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We are both 61 a year away from early SS and are living exclusively on IRA withdraws. We are invested with Vanguard in a 3 fund portfolio (total stock market, total international stock market, and total bond market). Our ratio is around 60/40 equities to income.

My question is in a down market should you withdraw from the income side only in order to wait for equities to improve or just try to keep the same percentage equities to income?

We currently have around $900k and our monthly burn rate is currently about 5k gross. At 62 we will be able to receive about $3800 per SS.
Take a look at your total stock percentage and compare it to your international. Look at your gains in recent years and look to the future of total stock compared to International. I think you'll find that you've had your gains in TS, Less profits or even big losses in INt.......today, the financial guru's are saying USA will do better in the future, China....Int forcasted weaker. I've drastically downsized my Int.....Vanguard, I think, now recommends 20% Int, it used to be 40%...... I will own even less........THIS IS A BUNCH OF YOUR MONEY....LOOK HARD AND GOOD LUCK.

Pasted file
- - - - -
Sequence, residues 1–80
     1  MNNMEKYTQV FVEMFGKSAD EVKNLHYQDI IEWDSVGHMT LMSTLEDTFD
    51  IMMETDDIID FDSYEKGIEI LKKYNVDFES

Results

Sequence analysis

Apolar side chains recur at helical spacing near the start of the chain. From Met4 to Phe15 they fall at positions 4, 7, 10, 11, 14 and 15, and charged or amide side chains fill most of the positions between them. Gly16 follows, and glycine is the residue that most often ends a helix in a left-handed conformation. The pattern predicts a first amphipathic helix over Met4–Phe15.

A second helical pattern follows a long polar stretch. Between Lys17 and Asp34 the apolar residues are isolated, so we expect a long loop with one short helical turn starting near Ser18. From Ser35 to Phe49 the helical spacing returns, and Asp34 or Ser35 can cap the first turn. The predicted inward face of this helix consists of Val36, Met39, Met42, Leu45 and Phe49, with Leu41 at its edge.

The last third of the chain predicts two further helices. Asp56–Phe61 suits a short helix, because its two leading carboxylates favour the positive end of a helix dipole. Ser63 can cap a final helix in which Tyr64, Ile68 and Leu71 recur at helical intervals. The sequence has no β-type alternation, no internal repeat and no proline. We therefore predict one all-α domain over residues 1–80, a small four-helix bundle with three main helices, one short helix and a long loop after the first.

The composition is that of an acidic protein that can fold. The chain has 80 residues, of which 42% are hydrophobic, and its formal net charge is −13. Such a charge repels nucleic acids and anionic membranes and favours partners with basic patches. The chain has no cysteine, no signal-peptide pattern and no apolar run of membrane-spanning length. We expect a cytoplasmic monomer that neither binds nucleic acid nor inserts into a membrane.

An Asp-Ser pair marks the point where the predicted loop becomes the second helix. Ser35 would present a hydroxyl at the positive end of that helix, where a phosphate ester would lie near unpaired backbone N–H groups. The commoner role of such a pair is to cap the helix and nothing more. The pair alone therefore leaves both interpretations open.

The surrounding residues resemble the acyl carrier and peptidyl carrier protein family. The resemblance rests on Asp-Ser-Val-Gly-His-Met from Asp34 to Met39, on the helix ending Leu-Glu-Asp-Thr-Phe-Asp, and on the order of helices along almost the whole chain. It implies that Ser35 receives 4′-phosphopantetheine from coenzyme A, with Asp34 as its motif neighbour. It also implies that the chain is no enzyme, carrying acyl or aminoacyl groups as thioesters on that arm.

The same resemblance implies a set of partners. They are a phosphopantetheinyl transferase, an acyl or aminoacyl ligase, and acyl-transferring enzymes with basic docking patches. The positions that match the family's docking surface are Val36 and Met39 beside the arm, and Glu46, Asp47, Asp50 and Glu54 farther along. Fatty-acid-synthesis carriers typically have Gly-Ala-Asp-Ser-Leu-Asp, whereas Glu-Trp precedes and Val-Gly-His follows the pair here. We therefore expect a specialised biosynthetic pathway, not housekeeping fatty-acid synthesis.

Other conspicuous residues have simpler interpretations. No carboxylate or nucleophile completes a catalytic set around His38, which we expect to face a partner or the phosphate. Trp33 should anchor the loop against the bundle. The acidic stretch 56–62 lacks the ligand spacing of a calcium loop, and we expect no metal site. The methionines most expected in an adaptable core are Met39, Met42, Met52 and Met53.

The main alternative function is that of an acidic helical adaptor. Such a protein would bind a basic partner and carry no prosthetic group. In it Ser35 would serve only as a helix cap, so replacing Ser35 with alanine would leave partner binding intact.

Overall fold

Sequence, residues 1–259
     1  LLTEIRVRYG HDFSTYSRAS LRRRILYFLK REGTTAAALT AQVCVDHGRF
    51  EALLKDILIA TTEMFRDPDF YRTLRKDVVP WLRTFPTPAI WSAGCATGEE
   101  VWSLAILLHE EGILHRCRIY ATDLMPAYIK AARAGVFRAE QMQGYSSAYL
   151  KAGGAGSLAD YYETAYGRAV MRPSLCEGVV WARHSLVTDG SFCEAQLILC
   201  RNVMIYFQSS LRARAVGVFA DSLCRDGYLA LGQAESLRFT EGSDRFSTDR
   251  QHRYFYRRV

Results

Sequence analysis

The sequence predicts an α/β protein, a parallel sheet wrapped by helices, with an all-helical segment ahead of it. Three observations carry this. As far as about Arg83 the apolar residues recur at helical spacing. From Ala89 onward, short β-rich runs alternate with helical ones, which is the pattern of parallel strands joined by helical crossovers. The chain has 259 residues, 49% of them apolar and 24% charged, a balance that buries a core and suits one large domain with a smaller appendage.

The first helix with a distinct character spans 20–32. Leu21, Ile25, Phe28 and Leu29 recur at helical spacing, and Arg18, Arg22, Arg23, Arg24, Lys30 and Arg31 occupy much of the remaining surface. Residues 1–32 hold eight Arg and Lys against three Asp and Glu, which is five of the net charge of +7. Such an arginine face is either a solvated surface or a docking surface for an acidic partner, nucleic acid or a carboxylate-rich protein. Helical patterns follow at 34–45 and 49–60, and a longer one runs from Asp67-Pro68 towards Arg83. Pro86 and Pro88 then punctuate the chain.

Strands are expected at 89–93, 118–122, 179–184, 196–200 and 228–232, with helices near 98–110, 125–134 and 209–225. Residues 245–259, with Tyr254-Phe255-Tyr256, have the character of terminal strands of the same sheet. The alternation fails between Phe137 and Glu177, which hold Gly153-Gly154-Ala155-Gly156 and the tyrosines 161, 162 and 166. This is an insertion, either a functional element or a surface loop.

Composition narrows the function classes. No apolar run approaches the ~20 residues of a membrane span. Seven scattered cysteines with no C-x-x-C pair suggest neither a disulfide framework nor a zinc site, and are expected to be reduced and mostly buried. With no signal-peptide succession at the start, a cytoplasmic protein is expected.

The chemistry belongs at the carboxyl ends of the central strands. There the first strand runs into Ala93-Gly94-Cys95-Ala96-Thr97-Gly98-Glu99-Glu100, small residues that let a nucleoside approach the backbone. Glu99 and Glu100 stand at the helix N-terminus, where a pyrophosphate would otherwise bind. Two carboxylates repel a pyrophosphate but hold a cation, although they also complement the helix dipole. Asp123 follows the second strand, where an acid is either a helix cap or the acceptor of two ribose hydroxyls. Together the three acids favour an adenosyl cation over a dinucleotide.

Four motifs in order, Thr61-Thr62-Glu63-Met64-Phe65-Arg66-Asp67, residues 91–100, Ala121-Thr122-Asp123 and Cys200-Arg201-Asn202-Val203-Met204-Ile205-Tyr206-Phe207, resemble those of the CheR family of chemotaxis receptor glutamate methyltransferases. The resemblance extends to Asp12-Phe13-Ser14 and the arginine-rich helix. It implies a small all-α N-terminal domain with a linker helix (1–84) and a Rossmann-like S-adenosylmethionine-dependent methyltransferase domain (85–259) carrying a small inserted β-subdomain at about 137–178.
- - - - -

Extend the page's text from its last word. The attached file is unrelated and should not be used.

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Old 09-24-2015, 10:05 AM   #19
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To begin with, it isn't $500 and they offer less expensive options depending on how much work you want to do. See Social Security Solutions

Also, I thought this was a pretty good source for free.... SSAnalyze - Bedrock Capital Management
Thanks for the free calculator, but it doesn't take your current portfolio into account. As for the cost of the integrated plan here is pdf of the frequently asked questions that was emailed to me.
https://bd105.infusionsoft.com/app/l...a6c2accca085e0
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Old 09-24-2015, 03:10 PM   #20
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I don't see why your investments would be an input to optimizing SS. I concede that the amount of your retirement assets might make certain strategies more or less feasible, but what you have isn't an input to optimization.